The DBS procedure can appear daunting to a patient!
There are 5 crucial steps:
|The 5 steps of a systematic DBS process|
|1. Pre-operative evaluation including Levodopa Challenge Test|
2. Selection of DBS target and DBS device.
3. DBS surgery itself
4. Post-operative recovery
Table of Contents
Pre-operative evaluation including Levodopa Challenge Test
There are five formalities to complete before DBS surgery:
1) Ruling out a Parkinson’s Mimic
First and foremost, the diagnosis of Parkinson’s disease needs to be confirmed.
The doctor will carefully talk to you and examine you.
His/her main intention is to rule out a Parkinson’s Disease Mimic. A Parkinson’s Mimic is any disease that looks like Parkinson’s disease but is not.
Parkinson’s Mimics include the Parkinson’s Plus syndromes. Your neurologist will look for these “Red-Flag” symptoms, which may indicate that you have a Parkinson’s Plus syndrome.
Click here to read more about Parkinson’s Mimics.
Click here to read more about Parkinson’s Plus syndromes.
A careful history and examination are critical. Also, a small therapeutic experiment is done. This experiment is the Levodopa Challenge Test.
2) Levodopa Challenge Test
Most people with Parkinson’s Disease never stop responding to Levodopa.
But the effect of Levodopa becomes shorter and shorter as the disease progresses, and sometimes it may cause side-effects. So, the reason for doing DBS is motor fluctuations, which are described here.
Let us say a person who is going to have DBS takes a large quantity of Levodopa. This is called the “Levodopa Challenge Test”.
What would you guess happens immediately afterwards?
Here is the key:
The person should improve, even at this stage. Significantly.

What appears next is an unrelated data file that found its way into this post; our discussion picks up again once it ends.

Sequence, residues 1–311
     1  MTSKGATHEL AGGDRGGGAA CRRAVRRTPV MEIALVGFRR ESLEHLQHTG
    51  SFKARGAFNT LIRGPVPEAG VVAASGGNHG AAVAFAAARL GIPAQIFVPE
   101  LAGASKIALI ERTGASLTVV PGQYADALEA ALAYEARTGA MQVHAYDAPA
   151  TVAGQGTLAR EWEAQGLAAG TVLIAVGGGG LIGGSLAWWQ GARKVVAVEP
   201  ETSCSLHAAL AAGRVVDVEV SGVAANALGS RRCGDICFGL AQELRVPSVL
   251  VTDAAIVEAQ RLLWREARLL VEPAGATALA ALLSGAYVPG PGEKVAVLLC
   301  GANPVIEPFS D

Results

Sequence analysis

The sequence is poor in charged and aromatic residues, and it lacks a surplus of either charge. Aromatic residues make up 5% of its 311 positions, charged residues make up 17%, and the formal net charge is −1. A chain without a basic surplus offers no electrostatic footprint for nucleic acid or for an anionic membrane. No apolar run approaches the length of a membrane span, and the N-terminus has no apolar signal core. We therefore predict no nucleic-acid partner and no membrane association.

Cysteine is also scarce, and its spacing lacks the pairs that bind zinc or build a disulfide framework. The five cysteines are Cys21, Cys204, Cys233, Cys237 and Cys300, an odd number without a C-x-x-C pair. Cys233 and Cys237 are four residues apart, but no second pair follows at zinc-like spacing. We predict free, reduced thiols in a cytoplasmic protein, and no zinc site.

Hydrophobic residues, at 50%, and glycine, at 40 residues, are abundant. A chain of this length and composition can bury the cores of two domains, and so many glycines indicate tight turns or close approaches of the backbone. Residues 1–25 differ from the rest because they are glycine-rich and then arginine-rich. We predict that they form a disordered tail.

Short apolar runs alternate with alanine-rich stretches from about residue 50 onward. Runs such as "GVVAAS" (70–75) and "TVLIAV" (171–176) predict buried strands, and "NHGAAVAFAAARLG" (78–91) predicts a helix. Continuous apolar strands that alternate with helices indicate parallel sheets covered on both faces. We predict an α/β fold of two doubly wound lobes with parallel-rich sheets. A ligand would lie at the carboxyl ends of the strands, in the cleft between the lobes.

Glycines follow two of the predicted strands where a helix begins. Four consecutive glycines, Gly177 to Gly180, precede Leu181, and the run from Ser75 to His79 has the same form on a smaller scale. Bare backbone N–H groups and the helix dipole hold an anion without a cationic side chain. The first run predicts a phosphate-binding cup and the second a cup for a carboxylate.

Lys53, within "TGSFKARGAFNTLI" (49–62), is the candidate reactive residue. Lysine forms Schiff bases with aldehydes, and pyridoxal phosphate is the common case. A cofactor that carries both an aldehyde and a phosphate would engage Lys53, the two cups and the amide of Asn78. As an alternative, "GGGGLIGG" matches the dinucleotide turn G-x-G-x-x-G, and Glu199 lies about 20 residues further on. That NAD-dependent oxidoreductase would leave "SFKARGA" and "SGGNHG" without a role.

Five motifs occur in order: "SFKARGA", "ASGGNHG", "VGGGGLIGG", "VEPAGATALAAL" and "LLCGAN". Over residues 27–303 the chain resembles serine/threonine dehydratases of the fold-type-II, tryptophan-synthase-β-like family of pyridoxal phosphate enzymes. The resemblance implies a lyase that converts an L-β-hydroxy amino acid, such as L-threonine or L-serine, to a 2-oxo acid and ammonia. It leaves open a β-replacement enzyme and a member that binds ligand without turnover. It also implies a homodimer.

No one would expect this improvement to last the entire day – that is the reason that DBS is being done in the first place.
But at least for an hour or so, the person should improve. Significantly.
In fact, the maximal improvement that you get during the Levodopa Challenge Test is likely to be the maximal improvement after DBS.
If a person fails to improve dramatically, then it predicts that DBS may not work.
As with all things in life, this prediction is not absolute.
How is the test done?
You will be asked to stop taking your Parkinson’s medications after your night-time dose / at least for 12 hours.
Most places will ask you to stop eating after dinner. You can keep drinking water as usual.
You will be requested to come to the hospital in the early morning.
Then, you will be given a sizeable dose of Levodopa, for example, 4 tablets.
This dose is usually slightly higher than the dose you are currently taking. Many authorities recommend that 150% of your morning dose should be used.
Doctors may use up to 200% of your morning dose if you fail the test once.
The Neurologist will again reexamine you 30 minutes, 1 hour and if needed 1.5 hours after taking the Levodopa tablets.
What is “Significant Improvement”?
This measurement cannot be subjective. What may seem significant to your doctor may not seem significant to you.
To avoid such ambiguity, we use the UPDRS to quantify your symptoms. The minimum improvement required to predict a good DBS response is known.
If at any point after taking the challenge dose, your UPDRS score improves by 30% or more, then you are likely to improve after DBS.
If I fail the Levodopa Challenge Test, can I still get DBS?
Some people can.
If you do not improve, the reason for non-improvement should be found.
If you failed the Levodopa Challenge Test because of specific reasons, you could still have DBS.
|Reason for Levodopa Challenge Test Failure||Resolution|
|The dose of Levodopa used was not large enough||May need to re-do test with a larger dose.|